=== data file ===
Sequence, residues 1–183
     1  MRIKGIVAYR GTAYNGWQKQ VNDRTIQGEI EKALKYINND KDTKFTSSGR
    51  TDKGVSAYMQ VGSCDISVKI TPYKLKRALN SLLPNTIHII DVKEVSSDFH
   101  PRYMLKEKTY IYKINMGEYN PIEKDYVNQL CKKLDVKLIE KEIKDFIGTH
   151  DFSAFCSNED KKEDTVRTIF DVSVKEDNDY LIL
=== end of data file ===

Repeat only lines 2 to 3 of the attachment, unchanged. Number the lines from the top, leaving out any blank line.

     1  MRIKGIVAYR GTAYNGWQKQ VNDRTIQGEI EKALKYINND KDTKFTSSGR
    51  TDKGVSAYMQ VGSCDISVKI TPYKLKRALN SLLPNTIHII DVKEVSSDFH